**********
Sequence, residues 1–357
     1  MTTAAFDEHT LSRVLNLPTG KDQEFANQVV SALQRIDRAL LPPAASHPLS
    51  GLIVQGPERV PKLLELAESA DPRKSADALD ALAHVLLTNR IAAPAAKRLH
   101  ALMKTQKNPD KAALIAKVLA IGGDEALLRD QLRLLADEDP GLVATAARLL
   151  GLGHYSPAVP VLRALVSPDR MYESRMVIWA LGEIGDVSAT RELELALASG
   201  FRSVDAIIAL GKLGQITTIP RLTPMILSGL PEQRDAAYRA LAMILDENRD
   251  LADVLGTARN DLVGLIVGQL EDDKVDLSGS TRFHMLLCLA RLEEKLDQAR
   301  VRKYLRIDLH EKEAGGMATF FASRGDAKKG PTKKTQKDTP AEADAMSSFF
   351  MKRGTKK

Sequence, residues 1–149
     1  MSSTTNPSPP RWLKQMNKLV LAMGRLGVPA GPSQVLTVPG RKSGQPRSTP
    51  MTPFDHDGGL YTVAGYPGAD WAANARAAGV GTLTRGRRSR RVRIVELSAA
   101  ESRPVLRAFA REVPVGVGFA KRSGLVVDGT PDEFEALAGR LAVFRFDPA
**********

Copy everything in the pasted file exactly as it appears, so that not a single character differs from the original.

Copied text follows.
Sequence, residues 1–357
     1  MTTAAFDEHT LSRVLNLPTG KDQEFANQVV SALQRIDRAL LPPAASHPLS
    51  GLIVQGPERV PKLLELAESA DPRKSADALD ALAHVLLTNR IAAPAAKRLH
   101  ALMKTQKNPD KAALIAKVLA IGGDEALLRD QLRLLADEDP GLVATAARLL
   151  GLGHYSPAVP VLRALVSPDR MYESRMVIWA LGEIGDVSAT RELELALASG
   201  FRSVDAIIAL GKLGQITTIP RLTPMILSGL PEQRDAAYRA LAMILDENRD
   251  LADVLGTARN DLVGLIVGQL EDDKVDLSGS TRFHMLLCLA RLEEKLDQAR
   301  VRKYLRIDLH EKEAGGMATF FASRGDAKKG PTKKTQKDTP AEADAMSSFF
   351  MKRGTKK

Sequence, residues 1–149
     1  MSSTTNPSPP RWLKQMNKLV LAMGRLGVPA GPSQVLTVPG RKSGQPRSTP
    51  MTPFDHDGGL YTVAGYPGAD WAANARAAGV GTLTRGRRSR RVRIVELSAA
   101  ESRPVLRAFA REVPVGVGFA KRSGLVVDGT PDEFEALAGR LAVFRFDPA